The Historicist view applies Tribulation to the period known as "persecution of the saints" (Daniel 7, Revelation 13). This is believed to have begun with the period after the "falling away" when papal Rome came to power for 1260 years from 538 to 1798 (using the day-year principle). They believe that the Tribulation is not a future event, but it intensifies right at the end to a time such as never before.[8][9] Matthew's reference to "Great Tribulation"[21] as parallel to Revelation 6:12-13, will reach a point that if it was not shortened even the just would not survive.[22][23]

Historicists are prone to see prophecy fulfilled down through the centuries and rather than a single Antichrist to rule the earth during a future Tribulation period, Martin Luther, John Calvin and the other Protestant Reformers saw the Antichrist as fulfilled in the papacy. The reformers like Martin Luther, John Calvin and others saw the papacy's claim of temporal power over all secular governments and the autocratic character of the papal office as the falling away from the original faith founded by Jesus and the apostles, and challenged papal authority as it had deviated from scripture with its tradition and was a corruption from the early church.[24][25]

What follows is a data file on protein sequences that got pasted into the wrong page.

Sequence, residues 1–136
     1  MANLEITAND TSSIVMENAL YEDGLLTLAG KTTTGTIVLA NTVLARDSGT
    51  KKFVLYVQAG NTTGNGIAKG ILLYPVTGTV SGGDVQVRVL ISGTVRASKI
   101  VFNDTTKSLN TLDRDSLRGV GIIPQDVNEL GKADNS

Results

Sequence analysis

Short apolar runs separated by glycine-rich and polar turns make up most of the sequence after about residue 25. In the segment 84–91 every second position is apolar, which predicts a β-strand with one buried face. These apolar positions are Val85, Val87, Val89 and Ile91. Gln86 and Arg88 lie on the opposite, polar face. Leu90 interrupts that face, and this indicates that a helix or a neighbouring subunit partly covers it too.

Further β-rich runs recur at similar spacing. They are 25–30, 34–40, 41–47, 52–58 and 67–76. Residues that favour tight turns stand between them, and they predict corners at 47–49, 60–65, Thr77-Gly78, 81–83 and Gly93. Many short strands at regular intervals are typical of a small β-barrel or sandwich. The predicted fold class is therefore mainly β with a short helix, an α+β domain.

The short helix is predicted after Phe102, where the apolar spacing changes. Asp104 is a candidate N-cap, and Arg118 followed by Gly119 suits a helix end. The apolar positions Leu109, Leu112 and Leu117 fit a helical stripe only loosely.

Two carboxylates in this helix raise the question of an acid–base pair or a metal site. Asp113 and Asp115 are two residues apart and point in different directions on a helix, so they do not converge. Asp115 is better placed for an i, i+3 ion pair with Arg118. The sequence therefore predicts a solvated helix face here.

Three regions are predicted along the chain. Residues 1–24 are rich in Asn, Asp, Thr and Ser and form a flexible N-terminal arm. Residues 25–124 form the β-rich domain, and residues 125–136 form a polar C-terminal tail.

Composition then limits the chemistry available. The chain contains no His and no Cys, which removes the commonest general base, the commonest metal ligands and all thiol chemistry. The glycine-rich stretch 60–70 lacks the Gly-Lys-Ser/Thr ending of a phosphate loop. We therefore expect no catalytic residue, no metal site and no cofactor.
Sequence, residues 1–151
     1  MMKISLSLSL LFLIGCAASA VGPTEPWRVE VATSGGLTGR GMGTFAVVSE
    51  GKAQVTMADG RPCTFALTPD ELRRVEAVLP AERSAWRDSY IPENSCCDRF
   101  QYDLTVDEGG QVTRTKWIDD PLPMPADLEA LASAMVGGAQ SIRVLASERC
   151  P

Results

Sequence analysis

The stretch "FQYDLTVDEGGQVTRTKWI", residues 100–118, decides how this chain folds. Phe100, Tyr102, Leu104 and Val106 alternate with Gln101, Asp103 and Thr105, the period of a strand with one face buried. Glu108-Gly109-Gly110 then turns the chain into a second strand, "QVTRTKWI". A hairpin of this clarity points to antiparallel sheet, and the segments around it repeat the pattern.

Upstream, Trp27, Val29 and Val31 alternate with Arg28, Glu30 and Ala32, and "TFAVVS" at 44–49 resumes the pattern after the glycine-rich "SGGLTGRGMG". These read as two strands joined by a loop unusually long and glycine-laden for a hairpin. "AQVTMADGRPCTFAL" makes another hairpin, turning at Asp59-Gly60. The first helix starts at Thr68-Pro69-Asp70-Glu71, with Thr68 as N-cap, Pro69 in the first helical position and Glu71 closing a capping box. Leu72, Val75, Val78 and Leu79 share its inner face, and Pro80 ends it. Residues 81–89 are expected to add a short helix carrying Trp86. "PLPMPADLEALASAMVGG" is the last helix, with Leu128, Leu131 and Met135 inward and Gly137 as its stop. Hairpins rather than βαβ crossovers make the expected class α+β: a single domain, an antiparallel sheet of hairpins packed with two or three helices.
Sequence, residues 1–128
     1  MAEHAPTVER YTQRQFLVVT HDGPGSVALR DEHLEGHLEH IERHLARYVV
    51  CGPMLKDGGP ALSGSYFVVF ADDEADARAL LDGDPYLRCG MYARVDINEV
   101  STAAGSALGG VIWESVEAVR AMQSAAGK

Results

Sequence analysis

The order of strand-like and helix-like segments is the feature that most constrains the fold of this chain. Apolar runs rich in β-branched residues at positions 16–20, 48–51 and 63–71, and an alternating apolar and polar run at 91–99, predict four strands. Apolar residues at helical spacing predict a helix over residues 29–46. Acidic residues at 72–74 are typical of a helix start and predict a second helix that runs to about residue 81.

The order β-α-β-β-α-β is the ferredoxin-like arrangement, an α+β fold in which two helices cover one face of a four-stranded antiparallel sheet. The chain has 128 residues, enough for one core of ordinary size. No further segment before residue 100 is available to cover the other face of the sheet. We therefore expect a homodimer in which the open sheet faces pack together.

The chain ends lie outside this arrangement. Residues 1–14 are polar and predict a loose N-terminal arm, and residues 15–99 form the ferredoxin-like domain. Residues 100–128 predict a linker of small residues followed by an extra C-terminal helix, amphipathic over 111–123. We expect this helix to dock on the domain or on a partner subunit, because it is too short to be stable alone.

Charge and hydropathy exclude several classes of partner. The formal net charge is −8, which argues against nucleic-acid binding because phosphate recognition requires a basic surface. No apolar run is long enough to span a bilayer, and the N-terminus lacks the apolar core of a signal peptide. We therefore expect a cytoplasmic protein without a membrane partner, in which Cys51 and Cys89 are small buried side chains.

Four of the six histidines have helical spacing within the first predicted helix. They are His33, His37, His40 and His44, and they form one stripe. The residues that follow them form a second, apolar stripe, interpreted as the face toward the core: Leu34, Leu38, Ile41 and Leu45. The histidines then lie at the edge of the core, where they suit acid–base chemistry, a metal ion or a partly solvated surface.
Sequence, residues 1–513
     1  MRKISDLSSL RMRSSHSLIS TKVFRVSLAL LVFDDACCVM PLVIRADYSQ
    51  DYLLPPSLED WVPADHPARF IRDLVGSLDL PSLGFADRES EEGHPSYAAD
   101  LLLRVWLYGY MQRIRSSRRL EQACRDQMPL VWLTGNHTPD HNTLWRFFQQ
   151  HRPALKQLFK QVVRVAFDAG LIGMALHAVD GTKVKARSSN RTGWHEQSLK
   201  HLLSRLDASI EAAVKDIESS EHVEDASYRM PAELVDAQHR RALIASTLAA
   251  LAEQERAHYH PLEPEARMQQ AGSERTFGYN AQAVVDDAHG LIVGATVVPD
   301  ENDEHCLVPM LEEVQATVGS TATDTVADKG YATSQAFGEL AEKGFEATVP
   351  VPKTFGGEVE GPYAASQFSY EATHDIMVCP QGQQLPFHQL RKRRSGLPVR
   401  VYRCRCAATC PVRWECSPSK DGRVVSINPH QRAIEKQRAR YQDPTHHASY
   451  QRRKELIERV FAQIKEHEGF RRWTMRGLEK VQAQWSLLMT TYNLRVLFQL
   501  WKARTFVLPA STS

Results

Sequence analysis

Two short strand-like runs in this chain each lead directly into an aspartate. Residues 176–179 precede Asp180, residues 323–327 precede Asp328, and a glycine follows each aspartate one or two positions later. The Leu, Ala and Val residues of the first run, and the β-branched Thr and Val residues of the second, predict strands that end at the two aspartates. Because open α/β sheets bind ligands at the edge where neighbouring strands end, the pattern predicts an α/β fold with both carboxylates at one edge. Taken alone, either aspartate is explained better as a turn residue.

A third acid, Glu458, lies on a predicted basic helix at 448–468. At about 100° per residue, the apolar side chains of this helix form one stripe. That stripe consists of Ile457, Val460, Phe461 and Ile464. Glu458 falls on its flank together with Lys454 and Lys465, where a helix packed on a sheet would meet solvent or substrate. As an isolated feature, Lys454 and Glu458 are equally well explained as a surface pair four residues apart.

Similarly, some modern historicists see the Tribulation on the Jews as beginning in AD 70 and continuing for centuries, covering the same time span as "the times of the Gentiles" during which "Jerusalem shall be trodden down by the Gentiles."[26] This view would have it encompass not only the death of a million Jews at the hands of the Roman legions, but also the death of six million Jews in the Holocaust.[27][28]